that that would change whoever owned the Mint.
7. Presumably the bottom line, the profitability,
(Mr Holmes) In a sense that is already there. We are
set a target on return on capital by the Treasury and, no doubt,
if we were in the private sector we would be expected to earn
certain levels of profitability. Like private sector organisations,
we do not always meet our levels of profitability, although in
the past we have had a long track record of having done so. That
again is there. If we do not meet our profitability that could
affect outside perceptions of the Mint. If we are not competitive
our jobs could be affected. In my view the difference is not very
Chairman: Perhaps we can turn to look at how
successful you have been on the commercial front.
8. A moment ago, Mr Holmes, I believe you said
that all your employees understood the importance of making a
return on the capital employed. Three years ago that return was
22 per cent, then it was 9 per cent and in the last reported year,
when the target was 14 per cent, the return was 0.5 per cent.
What has gone wrong?
(Mr Holmes) Perhaps I can take the history back a
little further. The Mint has had a long track record of good returns
on capital. More recently, there has been a combination of two
major factors. First, the overseas market for the circulation
of coins and blanks has become steadily more difficult. We have
had more competition in the market. There are more mints and indeed
private sector blank suppliers with spare capacity. Recently many
people have put in additional capacity. In terms of the marketplace,
we are also suffering from less favourable exchange rates than
we had a few years ago. The traditional demand from some of our
past coin customers appears, at the moment, to be static or declining.
The demand for circulation coins and blanks is very volatile as
has been seen in the UK, as we may talk about later, so it is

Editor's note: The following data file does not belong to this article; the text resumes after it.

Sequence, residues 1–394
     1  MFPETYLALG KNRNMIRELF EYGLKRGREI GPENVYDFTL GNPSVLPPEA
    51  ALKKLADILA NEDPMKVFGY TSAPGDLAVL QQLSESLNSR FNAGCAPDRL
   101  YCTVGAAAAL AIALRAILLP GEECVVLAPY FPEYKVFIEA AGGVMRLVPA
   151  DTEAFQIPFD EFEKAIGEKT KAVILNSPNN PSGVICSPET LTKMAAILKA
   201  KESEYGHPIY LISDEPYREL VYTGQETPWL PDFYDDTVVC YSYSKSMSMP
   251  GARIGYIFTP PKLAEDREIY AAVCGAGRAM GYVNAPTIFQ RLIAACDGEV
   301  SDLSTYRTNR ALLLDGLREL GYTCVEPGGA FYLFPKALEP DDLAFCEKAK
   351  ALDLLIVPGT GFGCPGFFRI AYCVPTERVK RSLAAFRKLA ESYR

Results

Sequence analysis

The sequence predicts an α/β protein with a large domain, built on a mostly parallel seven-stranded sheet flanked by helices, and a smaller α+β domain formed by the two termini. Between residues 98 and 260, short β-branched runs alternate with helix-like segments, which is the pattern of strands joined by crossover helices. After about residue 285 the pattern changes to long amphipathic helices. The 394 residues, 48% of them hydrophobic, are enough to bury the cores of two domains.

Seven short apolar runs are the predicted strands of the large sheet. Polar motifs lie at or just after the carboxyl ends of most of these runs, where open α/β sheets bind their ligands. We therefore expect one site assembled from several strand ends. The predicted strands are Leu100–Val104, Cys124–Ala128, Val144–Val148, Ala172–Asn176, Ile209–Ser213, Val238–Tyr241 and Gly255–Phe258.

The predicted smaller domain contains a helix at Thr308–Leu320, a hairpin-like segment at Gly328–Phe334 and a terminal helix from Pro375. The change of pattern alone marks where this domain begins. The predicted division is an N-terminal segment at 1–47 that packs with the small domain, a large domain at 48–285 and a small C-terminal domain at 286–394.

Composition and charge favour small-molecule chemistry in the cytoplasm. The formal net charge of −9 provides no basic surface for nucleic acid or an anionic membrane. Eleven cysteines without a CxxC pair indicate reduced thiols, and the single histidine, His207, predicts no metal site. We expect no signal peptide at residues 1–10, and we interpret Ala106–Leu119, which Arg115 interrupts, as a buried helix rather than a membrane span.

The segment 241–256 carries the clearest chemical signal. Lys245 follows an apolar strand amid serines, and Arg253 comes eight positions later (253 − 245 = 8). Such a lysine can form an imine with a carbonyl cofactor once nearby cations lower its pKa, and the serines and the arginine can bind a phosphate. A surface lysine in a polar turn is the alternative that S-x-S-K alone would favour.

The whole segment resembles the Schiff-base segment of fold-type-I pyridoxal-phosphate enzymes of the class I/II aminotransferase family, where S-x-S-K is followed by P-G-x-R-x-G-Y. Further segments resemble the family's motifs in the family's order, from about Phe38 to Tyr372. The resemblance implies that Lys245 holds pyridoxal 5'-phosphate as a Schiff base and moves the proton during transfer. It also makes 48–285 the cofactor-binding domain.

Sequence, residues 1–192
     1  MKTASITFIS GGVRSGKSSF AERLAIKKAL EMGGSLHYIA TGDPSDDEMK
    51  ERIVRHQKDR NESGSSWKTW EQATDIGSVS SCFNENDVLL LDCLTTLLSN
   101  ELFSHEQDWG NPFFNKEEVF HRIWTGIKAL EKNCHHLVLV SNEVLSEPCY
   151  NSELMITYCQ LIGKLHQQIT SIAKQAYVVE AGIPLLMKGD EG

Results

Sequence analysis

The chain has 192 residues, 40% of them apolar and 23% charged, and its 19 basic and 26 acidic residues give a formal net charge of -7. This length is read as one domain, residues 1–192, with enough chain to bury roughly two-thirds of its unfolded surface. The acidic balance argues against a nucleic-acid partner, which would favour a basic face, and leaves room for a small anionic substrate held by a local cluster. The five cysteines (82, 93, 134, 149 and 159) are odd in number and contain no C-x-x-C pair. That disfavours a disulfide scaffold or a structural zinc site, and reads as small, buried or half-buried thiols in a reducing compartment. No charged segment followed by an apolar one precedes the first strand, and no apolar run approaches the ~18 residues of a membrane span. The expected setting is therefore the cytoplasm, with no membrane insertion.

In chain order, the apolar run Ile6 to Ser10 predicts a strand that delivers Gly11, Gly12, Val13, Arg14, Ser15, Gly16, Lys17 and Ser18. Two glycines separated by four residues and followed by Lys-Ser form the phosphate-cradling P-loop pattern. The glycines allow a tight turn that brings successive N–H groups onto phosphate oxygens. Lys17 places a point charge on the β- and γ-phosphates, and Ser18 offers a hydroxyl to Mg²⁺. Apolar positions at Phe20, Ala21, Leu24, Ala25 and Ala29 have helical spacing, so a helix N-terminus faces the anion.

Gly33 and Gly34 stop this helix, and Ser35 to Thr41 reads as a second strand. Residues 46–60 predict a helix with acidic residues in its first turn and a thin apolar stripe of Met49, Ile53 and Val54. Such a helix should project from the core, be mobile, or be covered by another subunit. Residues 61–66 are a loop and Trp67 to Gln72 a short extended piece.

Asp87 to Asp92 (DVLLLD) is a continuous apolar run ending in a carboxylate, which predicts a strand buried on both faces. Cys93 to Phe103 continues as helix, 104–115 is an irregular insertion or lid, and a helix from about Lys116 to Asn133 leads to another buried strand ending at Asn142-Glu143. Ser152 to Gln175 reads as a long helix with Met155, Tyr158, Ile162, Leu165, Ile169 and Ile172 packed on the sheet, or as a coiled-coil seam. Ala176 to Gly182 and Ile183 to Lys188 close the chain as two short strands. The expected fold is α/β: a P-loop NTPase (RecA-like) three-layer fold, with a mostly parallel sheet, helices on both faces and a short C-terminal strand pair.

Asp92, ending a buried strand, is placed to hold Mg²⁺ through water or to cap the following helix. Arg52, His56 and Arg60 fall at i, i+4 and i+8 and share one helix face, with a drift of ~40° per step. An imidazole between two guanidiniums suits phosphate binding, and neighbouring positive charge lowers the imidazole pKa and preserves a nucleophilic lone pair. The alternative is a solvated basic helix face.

difficult to predict how that will go. Clearly the difficult marketplace
has been a factor. As we have explained in our memorandum to the
Sub-Committee, we have also had a programme of change that we
initiated some years ago, but which has been at its peak over
the past two or two-and-a-half years. In that space of time we
have carried out a major capital expenditure programme, amounting
to about £25 million within a two to two-and-a-half year
timeframe. That was designed partly to renew and to refurbish
equipment that has been with us for most of the time since the
Mint moved to South Wales 25 years ago, and to upgrade our capacity
for new business requirements, particularly the blanks market
that we knew would open up with the first wave euro countries.
So we have had a major investment programme to put in right across
the factory and allied to that we have introduced many changes
to the working practices and working patterns. We have brought
in a major amount of multi-skilling. We had some multi-skilling
before, but we totally modernised the Mint's working practices
and we have brought them right up to date over the past two to
three years. That was allied with team working. Instead of everyone
doing a particular job, we have people working in teams so that
we have more flexibility in what they concentrate on. That has
involved a lot of training for the multi-skilling team work to
give us that flexibility. The training programme has been a major
investment for the future. The other aspect of team working that
I want to stress is that we have introduced a total productive
manufacturing programme, to use teams not only to carry out the
day to day work, but to involve everyone, at all levels, to gain
improvements. That is starting to come through now. To go back
to the change programme, associated with the new investment we
have changed the shift patterns. The working hours regulations
have assisted us towards a conclusion that we should have more
shifts, more crews to cover the continuous process areas of the
Mint. Previously, we had four crews in the continuous processes,
many of which you will have seen in our blanks production area.
We had four crews to cover the 168 hours of the working week and
now we have five crews because of the need to cut down on overtime.
In addition, we took advantage of that to have lower manning levels
per shift, so the number of extra employees was reduced. Installing
that new equipment and to get it running properly has inevitably
caused some disruption. Much of the equipment that we have is